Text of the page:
It is a year to the day since Steven Gerrard outlined what his final words would be to his England team-mates in Manaus before their first World Cup group stage game against Italy. He said that, after weeks of preparation, it was “time to walk the walk. . . It will be a case of,” he said, “‘let’s not have any regrets’”. Ten days later England were out of the tournament and regrets were all they had.
The last game of the season, the Euro 2016 qualifier against Slovenia tomorrow, falls on the anniversary of that defeat in the Arena Amazonia, the beginning of England’s summer of woe. The team that Roy Hodgson starts in Ljubljana will include five of those who started in Manaus – it might have been more but for injury – and, while the team is changing, progress still feels slow.
One year on from the World Cup the sense of despair has dissipated but there has been no dramatic change in the fortunes of the team. England have a new formation now, which worked well against Switzerland in August but is still a work in progress.
“We are getting better and better every game at it,” Jack Wilshere said this week, and he is central to the midfield diamond. Harry Kane has emerged; Daniel Sturridge has disappeared; Gerrard and Frank Lampard have retired; Wilshere is fit again and Raheem Sterling is struggling. As a squad, they are about breaking even.
England are back where they usually are 12 months from a big tournament: sailing through qualification, hinting at a fresh start, excited by a few new faces, but largely untried against the big guns. The dark clouds are there, evident in that first-half performance against Italy in March, or the first half against Ireland last Sunday. Looking back on England teams of the last decade, it has been those bad performances which have turned out to offer a more accurate reflection of the future than the few rays of sunlight.
No one is talking about Hodgson’s suitability to continue, which is a result in his favour. When the players came out of the dressing rooms of the Aviva Stadium on Sunday afternoon, so many of them repeated the mantra that the team remain unbeaten – seven wins and two draws since the World Cup – that it was no stretch to believe perhaps it had been written on the whiteboard the management leave by the door, one of the positive messages to convey to the press.
At Wembley in November, Slovenia were beaten 3-1, having taken the lead through Jordan Henderson’s own goal, still the only goal England have conceded in their five qualifiers. It is indicative of the low quality of Group E that Slovenia, ranked 48th in the world, could yet qualify for the tournament. As ever with England, as when Gerrard issued that cri de coeur in Manaus a year ago, it is difficult to know where the team stand relative to the big hitters of the rest of Europe and the worry is always that they will come up short again.
The friendlies against Germany, France and potentially the Netherlands and Spain in the next 10 months will be a clearer indication of where England are as a team but, even so, the tournament atmosphere tends to affect them in ways that cannot be easily measured.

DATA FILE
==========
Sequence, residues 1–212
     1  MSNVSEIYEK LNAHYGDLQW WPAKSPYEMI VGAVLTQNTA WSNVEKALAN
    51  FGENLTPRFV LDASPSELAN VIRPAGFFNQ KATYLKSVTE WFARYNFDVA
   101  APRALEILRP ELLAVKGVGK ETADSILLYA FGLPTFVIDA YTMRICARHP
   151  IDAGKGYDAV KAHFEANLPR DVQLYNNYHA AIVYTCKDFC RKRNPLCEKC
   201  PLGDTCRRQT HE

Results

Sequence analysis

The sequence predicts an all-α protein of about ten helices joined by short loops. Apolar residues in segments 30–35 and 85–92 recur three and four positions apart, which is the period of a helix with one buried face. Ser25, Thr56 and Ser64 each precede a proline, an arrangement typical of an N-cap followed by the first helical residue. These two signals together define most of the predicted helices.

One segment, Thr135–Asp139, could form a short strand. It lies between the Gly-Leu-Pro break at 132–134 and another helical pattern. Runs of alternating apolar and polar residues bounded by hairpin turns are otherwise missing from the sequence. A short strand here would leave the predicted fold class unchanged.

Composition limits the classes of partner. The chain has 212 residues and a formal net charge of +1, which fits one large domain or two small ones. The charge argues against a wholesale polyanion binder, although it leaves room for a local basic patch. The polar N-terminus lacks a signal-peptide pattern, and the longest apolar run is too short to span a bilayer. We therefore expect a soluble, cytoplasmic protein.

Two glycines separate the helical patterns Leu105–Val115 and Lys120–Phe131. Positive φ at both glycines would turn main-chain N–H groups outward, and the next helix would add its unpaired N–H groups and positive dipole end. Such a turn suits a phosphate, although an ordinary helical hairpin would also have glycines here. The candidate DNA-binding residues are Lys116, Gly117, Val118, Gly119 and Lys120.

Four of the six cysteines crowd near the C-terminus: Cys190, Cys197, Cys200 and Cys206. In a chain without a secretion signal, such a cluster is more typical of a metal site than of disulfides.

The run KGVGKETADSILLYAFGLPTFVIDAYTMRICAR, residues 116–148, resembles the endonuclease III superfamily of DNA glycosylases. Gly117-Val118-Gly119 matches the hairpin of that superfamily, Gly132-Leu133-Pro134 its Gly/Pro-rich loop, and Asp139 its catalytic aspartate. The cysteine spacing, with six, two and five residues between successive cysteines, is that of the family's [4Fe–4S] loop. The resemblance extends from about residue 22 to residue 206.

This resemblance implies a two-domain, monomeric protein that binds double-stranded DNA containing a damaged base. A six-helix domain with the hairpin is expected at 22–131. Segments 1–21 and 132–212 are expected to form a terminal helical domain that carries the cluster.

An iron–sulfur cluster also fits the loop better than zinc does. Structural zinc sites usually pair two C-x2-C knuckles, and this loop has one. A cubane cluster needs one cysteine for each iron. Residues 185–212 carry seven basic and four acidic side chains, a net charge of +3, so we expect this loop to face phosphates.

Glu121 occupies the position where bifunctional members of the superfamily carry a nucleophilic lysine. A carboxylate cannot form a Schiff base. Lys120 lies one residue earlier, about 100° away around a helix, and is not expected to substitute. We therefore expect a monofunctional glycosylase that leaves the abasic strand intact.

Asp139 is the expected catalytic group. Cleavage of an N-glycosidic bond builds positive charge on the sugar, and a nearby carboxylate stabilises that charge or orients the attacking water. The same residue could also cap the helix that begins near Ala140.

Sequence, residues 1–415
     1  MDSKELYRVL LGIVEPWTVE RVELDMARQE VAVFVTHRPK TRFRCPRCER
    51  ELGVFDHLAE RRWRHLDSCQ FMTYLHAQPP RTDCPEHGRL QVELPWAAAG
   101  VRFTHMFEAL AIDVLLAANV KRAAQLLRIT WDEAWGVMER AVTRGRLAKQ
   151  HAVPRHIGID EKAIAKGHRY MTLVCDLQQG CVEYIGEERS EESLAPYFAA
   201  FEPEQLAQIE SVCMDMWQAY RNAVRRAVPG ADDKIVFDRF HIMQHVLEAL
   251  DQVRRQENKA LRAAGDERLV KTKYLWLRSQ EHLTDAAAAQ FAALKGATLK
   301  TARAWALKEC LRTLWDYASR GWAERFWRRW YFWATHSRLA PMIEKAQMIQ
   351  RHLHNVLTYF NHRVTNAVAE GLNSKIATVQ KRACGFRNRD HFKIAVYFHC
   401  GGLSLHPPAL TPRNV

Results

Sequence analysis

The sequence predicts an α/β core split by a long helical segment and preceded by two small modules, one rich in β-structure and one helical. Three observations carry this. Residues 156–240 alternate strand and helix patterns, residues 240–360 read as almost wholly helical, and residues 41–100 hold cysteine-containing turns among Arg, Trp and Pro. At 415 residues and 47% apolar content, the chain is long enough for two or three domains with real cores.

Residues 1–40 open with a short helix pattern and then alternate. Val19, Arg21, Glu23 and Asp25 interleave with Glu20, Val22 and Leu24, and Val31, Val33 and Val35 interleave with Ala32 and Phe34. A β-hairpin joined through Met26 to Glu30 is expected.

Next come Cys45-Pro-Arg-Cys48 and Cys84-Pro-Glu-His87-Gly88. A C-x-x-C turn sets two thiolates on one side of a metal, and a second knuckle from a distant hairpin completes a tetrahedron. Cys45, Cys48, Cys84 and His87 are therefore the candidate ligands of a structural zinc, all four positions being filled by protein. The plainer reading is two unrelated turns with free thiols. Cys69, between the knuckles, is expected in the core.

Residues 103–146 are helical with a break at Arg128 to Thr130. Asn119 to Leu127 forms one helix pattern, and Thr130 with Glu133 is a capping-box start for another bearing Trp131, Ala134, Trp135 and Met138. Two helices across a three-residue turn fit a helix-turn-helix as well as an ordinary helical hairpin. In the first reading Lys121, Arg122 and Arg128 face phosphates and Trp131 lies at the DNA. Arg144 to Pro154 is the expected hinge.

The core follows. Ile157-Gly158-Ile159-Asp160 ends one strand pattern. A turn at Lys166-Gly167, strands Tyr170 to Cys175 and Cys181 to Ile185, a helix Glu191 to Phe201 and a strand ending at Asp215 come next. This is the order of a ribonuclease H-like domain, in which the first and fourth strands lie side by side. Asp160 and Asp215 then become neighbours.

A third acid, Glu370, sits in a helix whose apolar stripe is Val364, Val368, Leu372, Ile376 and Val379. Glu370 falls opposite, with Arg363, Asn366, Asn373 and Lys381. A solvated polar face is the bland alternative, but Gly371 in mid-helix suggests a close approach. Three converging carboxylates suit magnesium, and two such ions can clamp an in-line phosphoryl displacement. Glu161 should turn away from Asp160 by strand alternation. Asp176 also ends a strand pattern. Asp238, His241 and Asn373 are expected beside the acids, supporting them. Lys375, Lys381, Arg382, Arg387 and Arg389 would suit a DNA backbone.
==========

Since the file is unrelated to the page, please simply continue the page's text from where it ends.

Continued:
“People say, ‘It is not [like playing] Spain, it is not Germany,’ but at the same time we have gone about our business,” Gary Cahill said this week. “The performances, not just the results, for me have been an improvement with the tweaks we have made in shape from the World Cup. I think the performances have been great and next season will be fantastic if we can qualify as early as possible and then we have big friendlies.”
Hodgson has tried out Phil Jones at right-back and the indications are that he will do so again tomorrow, perhaps bringing Kieran Gibbs back into the defence at the expense of Ryan Bertrand. Andros Townsend could also get a start in place of Adam Lallana, who struggled to make an impression against the Irish. Again it looks like 4-3-3, with Fabian Delph potentially taking the place of James Milner to play in a midfield three with Henderson and Wilshere.
Ideally, Hodgson would try to give a chance to those players who have not yet figured for England, including Charlie Austin, now the squad’s only uncapped player. The squad will not be together again until early September for the qualifiers against San Marino and Switzerland, by which time the picture will have changed and players like Kane and Sturridge potentially be available again.
The interesting wild card in the summer is how the Under-21s face in the European Championship in the Czech Republic over the next two weeks. Hodgson has decided upon a way of playing, and a group of players that has taken him through qualification, but there is a small chance some of Gareth Southgate’s squad could make a case for their inclusion in the next few weeks. The win over Belarus on Thursday showed how raw some of them still are, but there could hardly be a better stage on which to make their case.
“Whoever has been put in front of us we have managed to beat,” Cahill said. “We have an unbeaten record this year, won all our qualifying games and got loads of clean sheets. It has definitely been an improvement. At the World Cup it was a young squad and everything that goes with that. Now it is more experienced and the younger lads have played a lot in the Premier League this season and a lot of these qualifying games... we have started to build something here but, without getting too ahead of ourselves, we have done really well. But next season will be a great season.”
He meant in the sense that it would be “great” for the preparation time a smooth qualification campaign would offer and, after that, the reality of Euro 2016 and the usual uncertainty about England in a tournament. Time to walk the walk all over again.Reuse content